Britain and France sign fresh deal to reduce migrant crossings

Britain and France sign fresh deal to reduce migrant crossings
Migrants sit onboard a boat in the English Channel off the coast of northern France, as they attempt to cross the maritime borders between France and the United Kingdom on August 27, 2020: AFP
Increased patrols and technology will be deployed along France's beaches under a new agreement between Paris and London aimed at stopping illegal migration across the Channel. It comes as sixty-four migrants were rescued in the English Channel in the past 24 hours.

A growing number of migrants have tried to reach Britain across the perilous and busy shipping lane in recent months, with four deaths recorded in 2019 and seven so far this year.

Just this weekend, French patrol boats rescued 64 migrants, including a pregnant woman and children apparently suffering from hypothermia, attempting to cross over to Britain.

The new deal will see French patrols doubled from December 1, with drones and radar used to detect those attempting to cross, Britain's Home Secretary Priti Patel said on Saturday.

Welcoming the deal, Patel said it would help the two countries with their “shared mission to make channel crossings completely unviable”.

As part of the deal, Britain “has pledged to make an additional financial investment of 31.4 million euros to support France's major efforts against illegal crossings,” the French interior ministry said in a statement issued on Sunday.

The ministry also said it would review results over the next six months to “assess the effectiveness and impact of these additional measures”.

The issue has been a source of tension, with Britain accusing France of not doing enough to stop the crossings.

In late October, four people died and three were reported missing, devastating an Iranian-Kurdish family in the deadliest single incident for migrants attempting to cross the Channel.

In September, French authorities said they had intercepted more than 1,300 people trying to reach Britain, including a handful who had attempted to swim the 30-odd kilometres (18 miles) across the Channel.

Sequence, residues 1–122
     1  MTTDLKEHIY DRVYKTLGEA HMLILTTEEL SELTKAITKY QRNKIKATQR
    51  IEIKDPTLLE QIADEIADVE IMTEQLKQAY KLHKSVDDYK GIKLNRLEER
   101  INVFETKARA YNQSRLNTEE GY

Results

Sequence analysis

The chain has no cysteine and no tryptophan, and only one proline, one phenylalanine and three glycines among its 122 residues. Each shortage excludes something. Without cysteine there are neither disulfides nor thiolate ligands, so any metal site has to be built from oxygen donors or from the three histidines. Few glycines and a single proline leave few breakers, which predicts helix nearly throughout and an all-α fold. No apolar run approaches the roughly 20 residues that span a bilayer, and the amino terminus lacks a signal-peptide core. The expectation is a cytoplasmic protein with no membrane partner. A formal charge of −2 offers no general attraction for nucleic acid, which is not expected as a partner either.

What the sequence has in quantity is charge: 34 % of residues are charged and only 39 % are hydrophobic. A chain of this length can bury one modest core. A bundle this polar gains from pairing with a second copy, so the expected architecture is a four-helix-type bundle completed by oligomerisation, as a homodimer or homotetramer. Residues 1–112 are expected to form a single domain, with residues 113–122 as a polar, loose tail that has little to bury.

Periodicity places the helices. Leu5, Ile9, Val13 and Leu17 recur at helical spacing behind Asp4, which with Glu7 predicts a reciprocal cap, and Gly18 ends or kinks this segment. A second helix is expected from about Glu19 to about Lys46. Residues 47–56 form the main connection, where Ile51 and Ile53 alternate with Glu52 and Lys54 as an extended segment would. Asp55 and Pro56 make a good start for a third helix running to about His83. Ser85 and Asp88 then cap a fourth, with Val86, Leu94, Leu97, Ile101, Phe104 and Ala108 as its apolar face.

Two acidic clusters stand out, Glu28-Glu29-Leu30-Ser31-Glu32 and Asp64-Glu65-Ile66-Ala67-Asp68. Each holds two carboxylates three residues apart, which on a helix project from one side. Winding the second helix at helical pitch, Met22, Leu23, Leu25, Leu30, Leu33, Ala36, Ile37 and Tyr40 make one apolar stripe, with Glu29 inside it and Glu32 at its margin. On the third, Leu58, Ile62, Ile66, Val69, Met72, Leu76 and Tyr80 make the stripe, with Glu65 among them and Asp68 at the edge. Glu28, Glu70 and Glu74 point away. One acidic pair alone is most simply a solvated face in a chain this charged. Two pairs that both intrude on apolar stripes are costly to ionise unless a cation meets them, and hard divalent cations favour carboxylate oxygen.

Around 6,200 attempted the crossing between January 1 and the end of August, with inflatable boats, paddleboards, kayaks or even lifejackets to keep them afloat.

Migrants travel by inflatable boat as they reach the shore near Deal on the south east coast of England on September 14, 2020, after crossing the Straits of Dover from France. BEN STANSALL / AFP

On Saturday forty-five people, “including a pregnant woman and children” were rescued after their improvised boat found itself “in trouble” near the northern French port of Dunkirk, French authorities said.

Several “appeared to be in a state of hypothermia” after being brought aboard a patrol ship, the French prefecture in charge of the Channel and North Sea said in a statement. 

First responders and border police took charge of the migrants, who were “all safe and sound” when they were put ashore in Calais in the early evening, it added.

Then early on Sunday a French customs patrol boat rescued a group of 19 migrants some 18 kilometres (11 miles) south of Boulogne-sur-Mer. They included at least two children, who also “seemed to be in a state of hypothermia,” Sunday's statement said. They were handed over to police, it added.

Calm weather this weekend prompted fears among French sea rescuers that larger numbers than usual would attempt the crossing to Britain, a source close to emergency services told AFP.

With busy traffic and powerful winds and currents, the Channel crossing can prove extremely dangerous for small boats despite the apparent short distance between Calais and British port Dover.

Northern France has long been a magnet for people seeking to smuggle themselves to Britain in small boats or in one of the thousands of trucks and cars that cross over daily on ferries and trains.

READ ALSO: 'The death route': How migrants make the perilous Channel crossing from France to Britain

 

 


Member comments

Become a Member to leave a comment.Or login here.